Thank you very much for the input! The only reason I said feeder goldfish is because they are the cheapest, lol only 15 cents each at Petco and it looks like they are hardy. Why do you suppose I shouldn't use them? Do they grow big or anything? I am definitely open to other suggestions for fish, but just not anything over 4$ each, as I am on a low budget for these guys.
 
KimberlyG
  • #11
Gold clouds are cheaper than that but I did get concerned when I opened the picture and saw what you said was similar to what you were talking about. What I mentioned before would not work in that. I'm not sure any fish would.
 
LA58
  • #12
Please remember sunlight can heat the fountain significantly. I tried a type of fountain using an old baritone as the upright so the water spilled down into a huge deep flower pot. Heat, fish food and poop are perfect for algae growth! The goldfish was fine, but I did have to bring it in for winter. Please check the water temperature at various times of day for a week before choosing any fish. There are fish that love mosquito larva called gambusia. They look like plain guppies and need little care other than dechlorinator. Talk with the person of the house that pays the bills first please!! Hope you get to have a bit of fun and learn.
 
Triston Wasmund
  • Thread Starter
  • #13
Gold clouds are cheaper than that but I did get concerned when I opened the picture and saw what you said was similar to what you were talking about. What I mentioned before would not work in that. I'm not sure any fish would.
And why not?
 
KimberlyG
  • #14
And why not?
I just don't think it is a large enough water source for what I was describing...surface area or footprint. That would have to be maintained like an indoor fishtank.
 
Triston Wasmund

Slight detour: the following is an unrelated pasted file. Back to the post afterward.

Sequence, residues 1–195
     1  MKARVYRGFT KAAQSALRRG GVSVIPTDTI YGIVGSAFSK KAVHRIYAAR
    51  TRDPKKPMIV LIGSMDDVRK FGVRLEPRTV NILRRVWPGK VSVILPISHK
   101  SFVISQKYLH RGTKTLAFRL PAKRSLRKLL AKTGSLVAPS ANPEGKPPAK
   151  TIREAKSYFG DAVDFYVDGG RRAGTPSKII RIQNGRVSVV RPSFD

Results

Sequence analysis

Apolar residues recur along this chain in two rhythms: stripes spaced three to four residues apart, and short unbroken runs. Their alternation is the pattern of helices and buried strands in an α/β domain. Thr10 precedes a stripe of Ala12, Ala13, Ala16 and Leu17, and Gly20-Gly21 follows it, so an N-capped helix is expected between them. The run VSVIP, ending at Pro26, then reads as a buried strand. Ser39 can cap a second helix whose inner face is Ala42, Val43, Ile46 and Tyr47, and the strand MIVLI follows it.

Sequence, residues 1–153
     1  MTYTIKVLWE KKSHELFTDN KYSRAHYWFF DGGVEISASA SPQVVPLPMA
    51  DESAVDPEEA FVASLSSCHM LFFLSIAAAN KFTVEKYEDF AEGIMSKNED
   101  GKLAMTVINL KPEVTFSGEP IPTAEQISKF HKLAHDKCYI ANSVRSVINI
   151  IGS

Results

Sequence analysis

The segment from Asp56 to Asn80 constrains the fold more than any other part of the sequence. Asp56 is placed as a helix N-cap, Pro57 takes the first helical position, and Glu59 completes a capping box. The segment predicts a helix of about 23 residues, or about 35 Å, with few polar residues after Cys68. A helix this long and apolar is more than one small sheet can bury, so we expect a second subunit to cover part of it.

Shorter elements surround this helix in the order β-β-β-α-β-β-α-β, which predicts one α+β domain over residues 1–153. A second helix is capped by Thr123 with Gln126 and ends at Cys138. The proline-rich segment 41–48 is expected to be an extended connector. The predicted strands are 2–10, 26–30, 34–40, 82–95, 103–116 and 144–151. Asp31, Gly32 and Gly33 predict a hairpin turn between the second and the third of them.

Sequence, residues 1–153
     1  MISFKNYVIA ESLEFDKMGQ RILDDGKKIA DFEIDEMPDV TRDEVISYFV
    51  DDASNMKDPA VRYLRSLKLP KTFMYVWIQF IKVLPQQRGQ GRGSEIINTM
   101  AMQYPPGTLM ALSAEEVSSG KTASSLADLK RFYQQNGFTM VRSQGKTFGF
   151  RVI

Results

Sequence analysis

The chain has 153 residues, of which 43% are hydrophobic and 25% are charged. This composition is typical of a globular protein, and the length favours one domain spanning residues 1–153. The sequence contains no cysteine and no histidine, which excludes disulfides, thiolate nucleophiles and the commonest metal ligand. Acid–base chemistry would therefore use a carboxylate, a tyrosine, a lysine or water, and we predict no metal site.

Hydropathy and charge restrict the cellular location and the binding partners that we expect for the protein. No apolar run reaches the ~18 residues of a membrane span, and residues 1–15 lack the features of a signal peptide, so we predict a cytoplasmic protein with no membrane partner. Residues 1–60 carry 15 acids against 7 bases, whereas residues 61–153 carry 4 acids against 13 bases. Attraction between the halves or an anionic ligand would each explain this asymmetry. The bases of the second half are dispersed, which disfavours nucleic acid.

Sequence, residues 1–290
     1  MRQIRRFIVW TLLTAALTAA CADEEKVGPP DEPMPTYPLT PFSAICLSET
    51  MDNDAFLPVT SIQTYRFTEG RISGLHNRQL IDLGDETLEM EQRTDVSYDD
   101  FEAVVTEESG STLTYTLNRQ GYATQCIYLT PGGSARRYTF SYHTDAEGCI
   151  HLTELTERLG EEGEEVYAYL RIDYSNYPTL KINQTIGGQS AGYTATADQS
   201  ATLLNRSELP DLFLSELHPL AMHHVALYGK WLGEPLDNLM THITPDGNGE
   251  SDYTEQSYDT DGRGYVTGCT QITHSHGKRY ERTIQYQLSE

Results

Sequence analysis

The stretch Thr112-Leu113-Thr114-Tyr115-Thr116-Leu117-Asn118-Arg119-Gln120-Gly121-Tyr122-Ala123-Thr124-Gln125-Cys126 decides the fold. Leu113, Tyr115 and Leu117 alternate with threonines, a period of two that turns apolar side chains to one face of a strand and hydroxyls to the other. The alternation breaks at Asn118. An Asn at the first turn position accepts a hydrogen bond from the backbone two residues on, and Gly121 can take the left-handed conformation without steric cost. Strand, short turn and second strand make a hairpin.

• Thread Starter
  • #15
Please remember sunlight can heat the fountain significantly. I tried a type of fountain using an old baritone as the upright so the water spilled down into a huge deep flower pot. Heat, fish food and poop are perfect for algae growth! The goldfish was fine, but I did have to bring it in for winter. Please check the water temperature at various times of day for a week before choosing any fish. There are fish that love mosquito larva called gambusia. They look like plain guppies and need little care other than dechlorinator. Talk with the person of the house that pays the bills first please!! Hope you get to have a bit of fun and learn.
Thanks for the input, and I will see what type of fish Petco has as that's what is close to me. I have a thermometer for my 10 gallon that I can use to monitor temperature as well, and checking temp would come in handy and limit what fish I can have. As far as talkin to the person that pays the bills, being my parents, my dad is thinking about it. Its not like its going to run up a water bill or something, as it was on for some years but turned off now because my dad doesn't want to have to clean it and everything so basically its just sitting there with water in it, having a pointless life. And I am the one who pays for everything when it comes to my hobby. That's why I need cheap fish and a cheap method of doing this

I just don't think it is a large enough water source for what I was describing...surface area or footprint. That would have to be maintained like an indoor fishtank.